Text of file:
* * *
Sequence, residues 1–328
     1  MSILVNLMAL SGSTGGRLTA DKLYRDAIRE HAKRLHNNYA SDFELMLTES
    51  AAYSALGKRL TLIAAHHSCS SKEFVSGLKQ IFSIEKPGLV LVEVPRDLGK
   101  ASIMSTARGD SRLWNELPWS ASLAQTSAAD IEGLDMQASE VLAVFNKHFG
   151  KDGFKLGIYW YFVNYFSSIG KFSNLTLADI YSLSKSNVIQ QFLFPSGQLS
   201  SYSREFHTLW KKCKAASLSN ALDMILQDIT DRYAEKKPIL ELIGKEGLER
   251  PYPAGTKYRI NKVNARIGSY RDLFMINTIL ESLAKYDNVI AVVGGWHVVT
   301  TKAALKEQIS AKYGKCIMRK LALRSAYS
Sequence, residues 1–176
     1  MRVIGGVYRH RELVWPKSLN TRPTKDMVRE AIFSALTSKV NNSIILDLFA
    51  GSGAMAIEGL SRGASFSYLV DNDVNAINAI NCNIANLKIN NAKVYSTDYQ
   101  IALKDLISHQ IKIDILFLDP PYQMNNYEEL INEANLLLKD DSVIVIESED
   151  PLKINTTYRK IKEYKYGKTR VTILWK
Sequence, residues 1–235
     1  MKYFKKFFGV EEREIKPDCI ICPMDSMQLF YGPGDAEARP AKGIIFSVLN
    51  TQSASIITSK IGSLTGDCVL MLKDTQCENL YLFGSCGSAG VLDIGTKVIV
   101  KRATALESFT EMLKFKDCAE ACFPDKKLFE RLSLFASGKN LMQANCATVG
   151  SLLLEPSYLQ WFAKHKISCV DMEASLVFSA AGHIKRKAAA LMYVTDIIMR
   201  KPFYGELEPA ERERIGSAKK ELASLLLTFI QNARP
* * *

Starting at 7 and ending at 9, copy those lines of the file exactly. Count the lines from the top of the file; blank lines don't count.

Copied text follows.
   251  PYPAGTKYRI NKVNARIGSY RDLFMINTIL ESLAKYDNVI AVVGGWHVVT
   301  TKAALKEQIS AKYGKCIMRK LALRSAYS
Sequence, residues 1–176